In Depth

Why the Kuril Islands are so important

Leaders of Japan and Russia holding landmark summit over the long-disputed archipelago

Officials from Russia and Japan are meeting today discuss the sovereignty of the disputed Kuril Islands, in a bid to resolve a diplomatic dispute that has raged for decades.

The southernmost four islands of the remote archipelago, situated north of the Japanese island of Hokkaido, were seized by the Soviet army in the closing days of the Second World War as part of a surprise attack on Japan, which has never formally recognised Russia’s claims to the land.

The Times reports that because of this dispute, the countries have never signed a peace treaty officially ending the War, preventing political and economic cooperation.

Now, international observers are hoping that Russian President Vladimir Putin and Japanese Prime Minister Shinzo Abe can finally reach some form of resolution, during talks today in Moscow where the status of the Kuril Islands is “expected to be high on the agenda”, says news agency Sputnik.

But while the two leaders have been “making optimistic noises for months about a compromise over the islands”, such hopes “have receded in recent days amid tough talk from Moscow”, adds The Times. 

President Putin is facing growing pressure to reject any claims by Japan, following protests in the Russian capital this weekend during which hundreds of citizens chanted “Kurils are Russian land”, CNN reports.

So why exactly have the islands caused so much friction?

Where are the Kuril Islands?

The Kuril Islands are a chain of 56 islands stretching from the southernmost tip of the far eastern Russian oblast of Kamchatka to Hokkaido, the northernmost island of Japan. The chain separates the Sea of Okhotsk from the north Pacific Ocean.

Russian empress Catherine the Great claimed sovereignty over the Kuril Islands in 1786 after her government declared they were discovered by “Russian explorers” and therefore “undoubtedly must belong to Russia”, Arab News reports. The first treaty between tsarist Russia and Japan, signed in 1855, stipulated that the border between the two countries be drawn just north of the four islands closest to Japan - Iturup, Kunashir, Shikotan and Habomai.

In 1875, a new treaty handed Japan the entire archipelago in exchange for Russia gaining full control of the nearby island of Sakhalin.

But Japan seized back control of the southern half of Sakhalin in 1905 after claiming victory in the Russo-Japanese War - sparking tensions that would resurface at the end of the Second World War, when the Soviet Union took control of the entire chain following Japan’s surrender.

Although Japan recognises Russia’s sovereignty over the majority of the islands, it continues to insist that Moscow’s claims over the four southernmost islands are illegal.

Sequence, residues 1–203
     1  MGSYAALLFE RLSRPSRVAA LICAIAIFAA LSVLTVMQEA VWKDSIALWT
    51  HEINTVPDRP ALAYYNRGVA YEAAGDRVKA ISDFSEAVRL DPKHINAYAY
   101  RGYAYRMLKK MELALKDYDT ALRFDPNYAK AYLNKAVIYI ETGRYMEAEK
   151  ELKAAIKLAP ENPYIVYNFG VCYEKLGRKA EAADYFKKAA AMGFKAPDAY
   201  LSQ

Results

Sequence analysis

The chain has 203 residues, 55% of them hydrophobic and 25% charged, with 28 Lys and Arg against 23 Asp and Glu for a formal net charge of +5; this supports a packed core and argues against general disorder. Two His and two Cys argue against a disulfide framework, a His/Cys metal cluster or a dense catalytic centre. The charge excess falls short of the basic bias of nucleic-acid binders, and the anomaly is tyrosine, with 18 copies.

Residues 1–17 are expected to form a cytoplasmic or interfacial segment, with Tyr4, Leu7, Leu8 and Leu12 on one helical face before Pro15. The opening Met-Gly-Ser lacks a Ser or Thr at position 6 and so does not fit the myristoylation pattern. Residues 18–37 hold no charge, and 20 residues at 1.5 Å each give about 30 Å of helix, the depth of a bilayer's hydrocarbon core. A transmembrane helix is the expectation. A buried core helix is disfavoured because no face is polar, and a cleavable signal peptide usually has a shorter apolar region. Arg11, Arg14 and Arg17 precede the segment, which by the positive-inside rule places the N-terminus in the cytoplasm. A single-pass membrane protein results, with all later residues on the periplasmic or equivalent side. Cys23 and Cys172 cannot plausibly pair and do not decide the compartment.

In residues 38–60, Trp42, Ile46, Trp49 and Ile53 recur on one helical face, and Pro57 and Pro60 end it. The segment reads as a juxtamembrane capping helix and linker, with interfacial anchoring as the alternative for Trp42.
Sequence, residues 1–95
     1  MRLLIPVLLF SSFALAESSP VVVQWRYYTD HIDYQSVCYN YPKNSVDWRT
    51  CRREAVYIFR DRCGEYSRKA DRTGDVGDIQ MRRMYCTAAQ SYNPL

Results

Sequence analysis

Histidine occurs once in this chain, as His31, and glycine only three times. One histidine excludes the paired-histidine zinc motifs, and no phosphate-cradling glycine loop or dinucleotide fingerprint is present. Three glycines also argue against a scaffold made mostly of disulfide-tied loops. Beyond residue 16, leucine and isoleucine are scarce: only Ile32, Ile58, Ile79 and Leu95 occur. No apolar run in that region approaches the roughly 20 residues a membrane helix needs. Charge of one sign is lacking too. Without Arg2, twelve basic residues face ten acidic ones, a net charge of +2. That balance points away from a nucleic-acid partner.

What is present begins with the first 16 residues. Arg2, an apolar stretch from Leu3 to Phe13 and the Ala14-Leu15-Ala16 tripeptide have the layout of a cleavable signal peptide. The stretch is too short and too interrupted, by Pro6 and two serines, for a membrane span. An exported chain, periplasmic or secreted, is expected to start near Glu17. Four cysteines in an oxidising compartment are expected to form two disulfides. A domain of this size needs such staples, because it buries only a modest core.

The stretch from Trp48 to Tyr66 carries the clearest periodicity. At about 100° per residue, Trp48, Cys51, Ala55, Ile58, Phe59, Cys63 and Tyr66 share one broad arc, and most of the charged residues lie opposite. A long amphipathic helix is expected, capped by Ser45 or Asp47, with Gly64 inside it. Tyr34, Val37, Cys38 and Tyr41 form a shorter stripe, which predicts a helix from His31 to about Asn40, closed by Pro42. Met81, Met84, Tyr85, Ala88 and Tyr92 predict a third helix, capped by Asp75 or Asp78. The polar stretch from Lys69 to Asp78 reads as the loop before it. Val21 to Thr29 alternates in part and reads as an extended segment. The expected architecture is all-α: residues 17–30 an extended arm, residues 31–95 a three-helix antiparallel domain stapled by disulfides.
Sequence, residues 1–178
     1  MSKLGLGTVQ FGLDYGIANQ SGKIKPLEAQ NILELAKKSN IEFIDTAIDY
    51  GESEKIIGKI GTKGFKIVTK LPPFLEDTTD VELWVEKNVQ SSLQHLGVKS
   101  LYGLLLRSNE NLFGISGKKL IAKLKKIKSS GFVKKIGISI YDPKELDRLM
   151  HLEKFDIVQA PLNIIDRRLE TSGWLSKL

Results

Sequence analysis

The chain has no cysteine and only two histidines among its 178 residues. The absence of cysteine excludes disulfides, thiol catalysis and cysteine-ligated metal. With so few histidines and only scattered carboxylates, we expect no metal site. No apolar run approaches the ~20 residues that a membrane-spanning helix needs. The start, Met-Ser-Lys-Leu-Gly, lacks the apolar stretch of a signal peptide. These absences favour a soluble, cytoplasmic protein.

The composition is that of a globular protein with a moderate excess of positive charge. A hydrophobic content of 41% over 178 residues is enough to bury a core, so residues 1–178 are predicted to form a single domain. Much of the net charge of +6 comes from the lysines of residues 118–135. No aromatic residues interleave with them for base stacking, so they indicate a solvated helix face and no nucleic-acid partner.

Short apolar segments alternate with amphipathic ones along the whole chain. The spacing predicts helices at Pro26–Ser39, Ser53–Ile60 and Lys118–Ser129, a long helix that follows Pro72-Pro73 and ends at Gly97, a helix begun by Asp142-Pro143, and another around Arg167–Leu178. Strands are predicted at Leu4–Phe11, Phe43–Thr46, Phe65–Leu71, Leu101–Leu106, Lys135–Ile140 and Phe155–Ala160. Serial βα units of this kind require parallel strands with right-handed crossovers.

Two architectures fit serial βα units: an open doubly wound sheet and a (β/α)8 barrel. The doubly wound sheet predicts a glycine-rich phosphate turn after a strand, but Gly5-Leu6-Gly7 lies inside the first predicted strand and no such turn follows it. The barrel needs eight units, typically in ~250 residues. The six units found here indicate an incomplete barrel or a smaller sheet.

Why are the islands important?

Although the entire island chain has a total population of only around 20,000 people, the South Kurils are of significant strategic importance to Russia owing to their location. Because the strait between Kunashir and Iturup does not freeze over in winter, control of the islands ensures Russia has year-round access to the Pacific Ocean for its Pacific Fleet of warships and submarines based in Vladivostok.

Arab News reports that Russia has also constructed military bases on the archipelago and has deployed missile systems on the islands, which are “rich in hot springs and minerals and rare metals such as rhenium”, used in the production of supersonic aircraft.

What do the two countries say?

In 1956, the Japan-Soviet Joint Declaration saw Russia propose returning the two islands closest to Japan as tensions eased, but Tokyo rejected the deal, in part because the two islands represent only 7% of the land in question, the BBC reports.

However, Al Jazeera reports that Putin and Abe “agreed in November to accelerate negotiations” based on the 1956 proposal, with Abe said to be considering abandoning hope of getting back the larger islands of Kunashir and Eturup.

But in recent days Russian officials have shifted away from the idea of an agreement between the two countries, with Foreign Minister Sergei Lavrov seemingly trying to “temper Japanese expectations of an imminent deal”, the news site adds.

Lavrov, Moscow’s top diplomat, told reporters last week that “sovereignty over the islands was non-negotiable”, adding: “This is Russia’s territory. This is our basic position and without a step in this direction it is very hard to expect progress on other issues.”

“Japan is the only country in the world that cannot fully recognise the outcome of World War Two,” Lavrov added.

Japan Today notes that the Kremlin “has ridden a wave of nationalism following Moscow’s annexation of Crimea from Ukraine in 2014, and any attempt to structure an agreement with Japan around a territorial compromise would likely be poorly received”.

But Moscow says Tokyo is “distorting” information about today’s talks in order to push its agenda in claiming Kunashir and Eturup, reports RT, formerly Russia Today. Putin has said the wording of the 1956 declaration is too “vague” to form the basis of a legitimate handover, the Moscow-based news site adds.

Meanwhile, Al Jazeera says that relations between Japan and Russia may have soured as a result of recent comments by Japanese foreign minister Taro Kono, who reportedly suggested that solving the territorial dispute with Russia would help efforts by Japan and the US to “deter China”.

Lavrov called that claim “outrageous”, adding that it raised new questions about the independence of Japanese foreign policy.

“We wondered whether Japan could be independent given such reliance on the US and we were told that Japan would act proceeding from its national interests,” Lavrov said. “We would like to hope it will indeed be so.”

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